Buckingham Palace Gardens by Anne Perry

A Victorian whodunit. I was twitching as I read it cause I had it sussed from the beginning re the box of books that came in and the box that went out. No one asked how heavy it was coming in and going out. So I had sorta solved it and decided it was Dunkeld and I had decided that the prostitutes clothes had gone out in it. Of course the whole story was far more intricate than that, with the switching of bodies, the murder of Dunkeld's daughter which was easy enough to figure out but all these little side issues made for a good story. Liliane had to make a quick decision between her father and her husband, and I have decided that she probably wished she had not suggested his name to the Prince of Wales. HRH and Pitt did not end up with a meeting of the minds. The guests did tend to talk in riddles a bit and there was all this underlying current between both sexes. Sometimes it is simpler to be downstairs and know one's place.

I had wanted to read a book by Anne Perry. I had read about her when I was a teenager. Pauline Parker and Juliet Hulme (Anne Perry) were in a book about the world's worst murderers.. now when you look back they were certainly not the worst but the fact was interesting because it had happened here in NZ. She is quite a good writer I thought it a bit stilted at first but once I got into it, that fact disappeared and was a very good read.


TessAkaBridgetTheFidget Report 21 Aug 2013 22:35

Ann, hope to be back with two reviews tomorrow.


Mersey Report 21 Aug 2013 21:52

Hi Ann you will have my reviews tomorrow am ......


AnninGlos Report 21 Aug 2013 17:58

review The Lonely Desert by Sarah Challis.
The follow up to Footsteps in the sand and a good one. I really enjoyed it. I did have a little bit of sympathy with Divinity as the ‘family’ are so very exclusive and single minded. However, they seemed to sort themselves out once she had helped out Clemmie.
Mali, not a place I would like to be, imagine all that sand! Death valley was bleak enough for me. It is a well written book which held my interest with enough suspense to be intriguing. I am wondering if there will be another follow up story. I would like to know if Clemmie got back to Chamba and safely. And how Emily and Hugh’s marriage works out, and if Will and Divinity get married.
I would recommend it to anyone to read, it would stand alone but is better if Footsteps in the Sand has been previously read.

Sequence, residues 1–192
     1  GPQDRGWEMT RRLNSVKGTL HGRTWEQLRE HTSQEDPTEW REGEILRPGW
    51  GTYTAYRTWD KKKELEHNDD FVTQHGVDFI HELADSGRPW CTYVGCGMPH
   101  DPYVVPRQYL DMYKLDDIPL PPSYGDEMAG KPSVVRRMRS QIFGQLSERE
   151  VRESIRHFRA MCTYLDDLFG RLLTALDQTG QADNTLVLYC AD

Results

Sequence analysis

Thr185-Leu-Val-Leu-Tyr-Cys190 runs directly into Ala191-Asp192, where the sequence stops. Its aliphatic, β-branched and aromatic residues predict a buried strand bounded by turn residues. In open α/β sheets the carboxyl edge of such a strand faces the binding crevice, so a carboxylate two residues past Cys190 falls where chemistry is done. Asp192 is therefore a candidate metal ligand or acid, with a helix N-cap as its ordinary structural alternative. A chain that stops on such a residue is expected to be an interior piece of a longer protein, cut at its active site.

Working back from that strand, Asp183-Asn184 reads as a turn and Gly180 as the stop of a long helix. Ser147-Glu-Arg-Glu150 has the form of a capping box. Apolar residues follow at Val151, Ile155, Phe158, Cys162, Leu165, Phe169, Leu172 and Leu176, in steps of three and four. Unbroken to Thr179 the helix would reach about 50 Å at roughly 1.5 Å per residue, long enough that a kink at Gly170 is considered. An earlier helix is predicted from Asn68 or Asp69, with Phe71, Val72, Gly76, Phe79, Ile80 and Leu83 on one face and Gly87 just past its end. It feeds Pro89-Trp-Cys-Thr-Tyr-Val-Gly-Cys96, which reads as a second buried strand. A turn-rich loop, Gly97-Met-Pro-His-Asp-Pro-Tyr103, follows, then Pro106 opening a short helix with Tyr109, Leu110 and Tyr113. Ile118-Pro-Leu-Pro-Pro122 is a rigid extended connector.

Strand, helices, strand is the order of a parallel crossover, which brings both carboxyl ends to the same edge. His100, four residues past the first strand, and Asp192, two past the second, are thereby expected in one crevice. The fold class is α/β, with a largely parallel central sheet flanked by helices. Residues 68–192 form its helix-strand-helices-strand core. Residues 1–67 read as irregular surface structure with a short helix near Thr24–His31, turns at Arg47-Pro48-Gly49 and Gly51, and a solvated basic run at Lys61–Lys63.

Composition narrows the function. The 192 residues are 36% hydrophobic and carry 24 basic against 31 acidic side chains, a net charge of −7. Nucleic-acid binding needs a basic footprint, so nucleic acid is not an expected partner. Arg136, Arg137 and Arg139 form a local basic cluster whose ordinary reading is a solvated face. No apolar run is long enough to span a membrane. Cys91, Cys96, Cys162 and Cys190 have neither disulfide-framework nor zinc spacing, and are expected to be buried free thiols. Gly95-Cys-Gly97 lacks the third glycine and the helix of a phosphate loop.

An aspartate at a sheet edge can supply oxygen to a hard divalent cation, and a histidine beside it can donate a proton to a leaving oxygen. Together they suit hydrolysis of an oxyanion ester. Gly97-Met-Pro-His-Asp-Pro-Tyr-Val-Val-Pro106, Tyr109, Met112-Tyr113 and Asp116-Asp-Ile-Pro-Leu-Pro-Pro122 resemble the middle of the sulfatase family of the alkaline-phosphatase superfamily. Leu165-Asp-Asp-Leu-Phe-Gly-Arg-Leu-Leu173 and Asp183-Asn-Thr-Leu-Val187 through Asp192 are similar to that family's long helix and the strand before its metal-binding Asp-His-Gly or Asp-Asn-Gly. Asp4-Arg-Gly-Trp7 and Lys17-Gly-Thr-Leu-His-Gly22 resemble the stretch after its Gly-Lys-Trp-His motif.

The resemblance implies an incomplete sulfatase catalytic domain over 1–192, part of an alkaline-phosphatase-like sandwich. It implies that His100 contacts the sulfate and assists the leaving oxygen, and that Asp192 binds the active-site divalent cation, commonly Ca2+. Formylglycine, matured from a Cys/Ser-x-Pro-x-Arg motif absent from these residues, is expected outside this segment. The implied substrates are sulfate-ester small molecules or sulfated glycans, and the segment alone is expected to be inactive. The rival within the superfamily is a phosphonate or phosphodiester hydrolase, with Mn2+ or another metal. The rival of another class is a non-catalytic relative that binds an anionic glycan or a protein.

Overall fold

review The Beach cafe by Lucy Diamond

I liked this, a gentle story similar to some of those written by Katie Fforde. (And also reminded me of one of the stories I wrote for the writing group 3 years ago.)
Eva’s Aunty Jo dies leaving her a beach cafe. Evie is known as the black sheep of the family and longs to make her mark with something.

I loved the story of how the cafe was built up, the new ideas and the involvement of the villagers. I love Cornwall and always fancied running a beach cafe myself. The character descriptions were great, I wanted to slap Ruth one of Evie’s sisters but then admired her for backing down.

A gentle story ideal for holiday reading. I don’t think I have read anything by L Diamond before but will look out for her when looking for holiday reading.

Review Some day I’ll find you by Richard Madely

“The other day upon the stair, I met a man who wasn’t there”
Who was the real James Blackwell? that was the question.
I was not that interested in this book to start with, I didn’t like RM’s style of writing. But I persevered as it had good write ups, and I am glad I did. It grew on me, and after about a ¼ of the way through I was hooked and couldn’t put it down. What started as a rather slow romance set just pre war and at the start of WW11, ended up being a tense thriller with murder, kidnap, the Mafia and a deserter ten years later.
A very well written book, James Blackwell was a charmer, wasn’t he? Diana and her family thought so. The characters were beautifully written, I sort of felt sorry for Douglas, but wanted to give him a good shake as well, Typically a dour Scot who did himself and Diana no favours. Yes I really enjoyed it, well done on a good first book.

Always you by Erin Kaye

A well written book. Boy from bad estate in Ireland and girl from posh area fall in love, things go wrong, boy goes to Australia, girl doesn't hear from him, marries. Ex boyfriend returns years later. Why didn't she reply to letters? What letters etc etc. A good story, romance, not complicated, an easy read and I enjoyed it. It didn't stretch my brain too much. Characters were well written and easy to empathise with, I found Ian irritating at first but warmed to him as the story went on. Nice little cameo of Evelyn his mother too.


AnninGlos Report 21 Aug 2013 17:47

I am out all day tomorrow off and on so thought I had better put this up today before I forget.

Please review the books that you have read this month.